Manston DCO: Planning Inspectorate does not commit to redact airport funder details
WNM Treasurer 07.05.2019
The issue of funding – and funders- as part of the Planning Inspectorate examination of a Development Consent Order application for the Manston airport site will be heard on June 4 .
The DCO bid is being made by firm RiverOak Strategic Partners with the aim of acquiring the site and creating a cargo hub and associated aviation business.
However, the land is owned by Stone Hill Park which has submitted a planning application to create up to 3,700 homes, business and leisure and associated infrastructure.
The Planning Inspectorate hearings opened in January and are due to conclude in July.
One of the major questions posed has been how the project, which RSP say will cost in the region of £300 million, will be funded and by whom.
A letter published on the Planning Inspectorate website on Friday (May 3) now reveals that RSP has requested evidence submitted about backers for the scheme be redacted on publication.
The request was sent on behalf of RSP on April 5 by BDB Pitmans LLP.
The request asked the examining body whether it would agree to receive information on the companies that are interested in investing in the airport, including their names and also correspondence that had been exchanged with them, in unredacted and redacted form on the understanding that only the redacted form would be published.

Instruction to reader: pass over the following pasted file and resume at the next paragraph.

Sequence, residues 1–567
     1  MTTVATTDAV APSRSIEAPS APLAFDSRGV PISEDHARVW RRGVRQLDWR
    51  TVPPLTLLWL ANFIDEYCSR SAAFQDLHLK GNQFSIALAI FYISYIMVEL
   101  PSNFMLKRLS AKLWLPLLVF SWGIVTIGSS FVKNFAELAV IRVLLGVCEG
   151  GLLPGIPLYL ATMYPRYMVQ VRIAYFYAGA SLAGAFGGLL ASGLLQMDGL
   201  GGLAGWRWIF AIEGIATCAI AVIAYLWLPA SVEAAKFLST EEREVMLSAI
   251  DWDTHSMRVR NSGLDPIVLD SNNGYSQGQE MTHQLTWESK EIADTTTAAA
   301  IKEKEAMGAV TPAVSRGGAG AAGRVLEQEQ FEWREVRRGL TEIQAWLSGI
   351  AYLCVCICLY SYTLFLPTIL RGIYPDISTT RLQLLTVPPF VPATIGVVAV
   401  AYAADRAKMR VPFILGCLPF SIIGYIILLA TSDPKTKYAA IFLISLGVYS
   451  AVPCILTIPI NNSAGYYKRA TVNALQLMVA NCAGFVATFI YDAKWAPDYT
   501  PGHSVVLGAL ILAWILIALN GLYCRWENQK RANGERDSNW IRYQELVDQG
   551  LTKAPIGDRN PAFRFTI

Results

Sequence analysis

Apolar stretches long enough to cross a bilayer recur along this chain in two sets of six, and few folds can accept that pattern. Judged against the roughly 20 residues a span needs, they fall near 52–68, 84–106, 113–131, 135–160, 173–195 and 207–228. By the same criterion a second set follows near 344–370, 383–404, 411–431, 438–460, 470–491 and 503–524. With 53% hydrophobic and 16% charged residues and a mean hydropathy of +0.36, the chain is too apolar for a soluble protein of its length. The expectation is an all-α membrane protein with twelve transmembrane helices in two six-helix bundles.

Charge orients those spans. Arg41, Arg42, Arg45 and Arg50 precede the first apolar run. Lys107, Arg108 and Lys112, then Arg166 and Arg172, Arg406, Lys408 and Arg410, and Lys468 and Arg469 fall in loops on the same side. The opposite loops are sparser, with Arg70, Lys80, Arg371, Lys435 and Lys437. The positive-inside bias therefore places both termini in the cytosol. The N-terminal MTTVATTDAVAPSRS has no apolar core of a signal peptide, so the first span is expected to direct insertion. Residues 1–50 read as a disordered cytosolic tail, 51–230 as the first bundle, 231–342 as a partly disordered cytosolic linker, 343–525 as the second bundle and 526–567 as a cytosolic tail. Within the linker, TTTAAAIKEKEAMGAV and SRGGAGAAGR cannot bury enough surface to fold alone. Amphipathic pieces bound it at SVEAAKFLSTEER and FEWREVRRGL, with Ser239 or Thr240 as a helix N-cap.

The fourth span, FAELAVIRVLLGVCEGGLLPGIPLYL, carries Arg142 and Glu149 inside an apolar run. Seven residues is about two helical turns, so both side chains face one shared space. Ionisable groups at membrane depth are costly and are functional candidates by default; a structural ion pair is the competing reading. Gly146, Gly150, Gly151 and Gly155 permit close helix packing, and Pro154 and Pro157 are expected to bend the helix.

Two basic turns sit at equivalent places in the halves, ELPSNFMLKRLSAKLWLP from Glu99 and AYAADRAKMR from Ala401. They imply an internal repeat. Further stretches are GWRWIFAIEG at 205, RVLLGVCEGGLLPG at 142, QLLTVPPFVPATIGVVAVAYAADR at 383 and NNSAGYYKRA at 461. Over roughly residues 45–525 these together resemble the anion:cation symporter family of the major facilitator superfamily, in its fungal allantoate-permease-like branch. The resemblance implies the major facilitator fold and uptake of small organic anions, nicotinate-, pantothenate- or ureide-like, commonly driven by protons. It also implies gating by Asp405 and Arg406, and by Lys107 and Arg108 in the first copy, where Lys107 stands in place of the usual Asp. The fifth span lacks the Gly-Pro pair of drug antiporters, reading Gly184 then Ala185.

However, a letter from lead examining panel member Kelvin MacDonald, says redacting that evidence cannot be guaranteed.
The letter says: “The Planning Inspectorate does redact submissions in certain circumstances. This is done, for example, to protect the identity of a minor, to seek to avoid identity fraud and to avoid placing personal contact or other details in the public domain.
“The Planning Inspectorate will apply its practice on redaction to any submission made to it. It will consider the need for and merits of redaction of submissions made on a case by case basis. The redaction of submissions must be seen in the context of the fundamental values of the Planning Inspectorate which are its commitment to openness, transparency and impartiality in the conduct of its business.
“Given this, the Planning Inspectorate cannot commit in advance to redacting specific information as requested by any party. For this reason, the ExA in this case cannot agree to examine evidence sent to it on the basis that the unredacted version of that evidence will not be published.”
The response says procedure means: “Relevant representations, written representations or documents must be made available by the Commission to all interested parties and to anyone who requests an opportunity to inspect and take copies of them.”
RSP has said caution is due because information about funders was previously leaked into the public domain despite being commercially sensitive.
Previous concerns centred on the use of funding vehicle M.I.O Investments Limited, which held 90% of shares in the company but is registered in Belize.
RSP has restructured to ditch the Belize connection with RiverOak Investments (UK) Ltd showing 400 shares in UK ownership. However, 600 shares are registered under HLX Nominees Ltd in the British Virgin Islands.